and self-doubt.
Psychosocial Stage 3 - Initiative vs. Guilt
During the preschool years, children begin to assert their power and
control over the world through directing play and other social
Children who are successful at this stage feel capable and able to lead
others. Those who fail to acquire these skills are left with a sense of
guilt, self-doubt and lack of initiative.3
Psychosocial Stage 4 - Industry vs. Inferiority
This stage covers the early school years from approximately age 5 to
Through social interactions, children begin to develop a sense of pride
in their accomplishments and abilities.
Children who are encouraged and commended by parents and teachers
develop a feeling of competence and belief in their skills. Those who
receive little or no encouragement from parents, teachers, or peers will
doubt their ability to be successful.
Psychosocial Stage 5 - Identity vs. Confusion
During adolescence, children are exploring their independence and
developing a sense of self.
Those who receive proper encouragement and reinforcement through
personal exploration will emerge from this stage with a strong sense of
self and a feeling of independence and control. Those who remain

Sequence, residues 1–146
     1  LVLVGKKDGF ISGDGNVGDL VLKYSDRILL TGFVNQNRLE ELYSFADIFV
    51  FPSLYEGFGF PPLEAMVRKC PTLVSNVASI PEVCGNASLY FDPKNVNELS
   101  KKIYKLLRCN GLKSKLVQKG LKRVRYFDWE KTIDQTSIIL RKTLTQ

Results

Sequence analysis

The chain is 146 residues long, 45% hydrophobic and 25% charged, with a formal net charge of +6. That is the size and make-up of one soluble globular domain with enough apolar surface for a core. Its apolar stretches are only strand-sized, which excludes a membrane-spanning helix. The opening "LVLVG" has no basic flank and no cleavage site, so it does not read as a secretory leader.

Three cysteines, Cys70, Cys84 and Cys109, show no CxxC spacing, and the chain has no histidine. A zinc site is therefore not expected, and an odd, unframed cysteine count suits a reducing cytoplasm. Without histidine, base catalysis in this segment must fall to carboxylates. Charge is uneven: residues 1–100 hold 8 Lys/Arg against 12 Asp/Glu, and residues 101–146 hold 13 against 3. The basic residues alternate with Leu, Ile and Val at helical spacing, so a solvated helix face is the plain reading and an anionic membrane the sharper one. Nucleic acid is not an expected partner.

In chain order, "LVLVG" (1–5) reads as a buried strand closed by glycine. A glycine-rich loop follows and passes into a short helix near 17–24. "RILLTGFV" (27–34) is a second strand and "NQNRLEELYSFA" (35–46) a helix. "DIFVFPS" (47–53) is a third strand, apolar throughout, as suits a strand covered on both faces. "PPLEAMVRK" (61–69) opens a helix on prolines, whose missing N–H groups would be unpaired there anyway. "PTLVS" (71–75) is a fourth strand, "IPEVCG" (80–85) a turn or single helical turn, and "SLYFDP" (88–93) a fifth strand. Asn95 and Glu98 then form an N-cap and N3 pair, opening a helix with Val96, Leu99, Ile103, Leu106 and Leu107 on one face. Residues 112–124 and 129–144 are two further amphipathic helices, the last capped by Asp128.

unsure of their beliefs and desires will insecure and confused about
themselves and the future.
Psychosocial Stage 6 - Intimacy vs. Isolation
This stage covers the period of early adulthood when people are
exploring personal relationships.
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Community Services Training Package
CHCCS422A: Respond holistically to client issues and refer appropriately
Erikson believed it was vital that people develop close, committed
relationships with other people. Those who are successful at this step
will develop relationships that are committed and secure.
Remember that each step builds on skills learned in previous steps.
Erikson believed that a strong sense of personal identity was important
to developing intimate relationships. Studies have demonstrated that
those with a poor sense of self tend to have less committed
relationships and are more likely to suffer emotional isolation,
loneliness, and depression.
Psychosocial Stage 7 - Generativity vs. Stagnation
During adulthood, we continue to build our lives, focusing on our
career and family.
Those who are successful during this phase will feel that they are
contributing to the world by being active in their home and community.
Those who fail to attain this skill will feel unproductive and uninvolved
in the world.
Psychosocial Stage 8 - Integrity vs. Despair
This phase occurs during old age and is focused on reflecting back on
Those who are unsuccessful during this phase will feel that their life
has been wasted and will experience many regrets. The individual will
be left with feelings of bitterness and despair.
Those who feel proud of their accomplishments will feel a sense of
integrity. Successfully completing this phase means looking back with
few regrets and a general feeling of satisfaction. These individuals will
attain wisdom, even when confronting death.